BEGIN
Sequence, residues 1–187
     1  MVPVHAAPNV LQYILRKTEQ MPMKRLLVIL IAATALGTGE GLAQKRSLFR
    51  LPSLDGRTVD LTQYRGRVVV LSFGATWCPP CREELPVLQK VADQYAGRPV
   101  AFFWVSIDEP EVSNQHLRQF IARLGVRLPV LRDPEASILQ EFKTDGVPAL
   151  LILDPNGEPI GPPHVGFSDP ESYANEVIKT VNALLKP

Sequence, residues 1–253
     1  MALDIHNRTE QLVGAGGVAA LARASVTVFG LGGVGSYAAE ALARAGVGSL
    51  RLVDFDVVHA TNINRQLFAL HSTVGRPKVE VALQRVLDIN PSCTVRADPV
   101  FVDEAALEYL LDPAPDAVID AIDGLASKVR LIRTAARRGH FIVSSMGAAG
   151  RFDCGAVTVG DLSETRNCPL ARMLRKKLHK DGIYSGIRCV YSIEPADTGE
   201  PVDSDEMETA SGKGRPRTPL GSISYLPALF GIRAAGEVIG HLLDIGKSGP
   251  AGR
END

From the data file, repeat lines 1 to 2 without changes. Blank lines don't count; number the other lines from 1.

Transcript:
Sequence, residues 1–187
     1  MVPVHAAPNV LQYILRKTEQ MPMKRLLVIL IAATALGTGE GLAQKRSLFR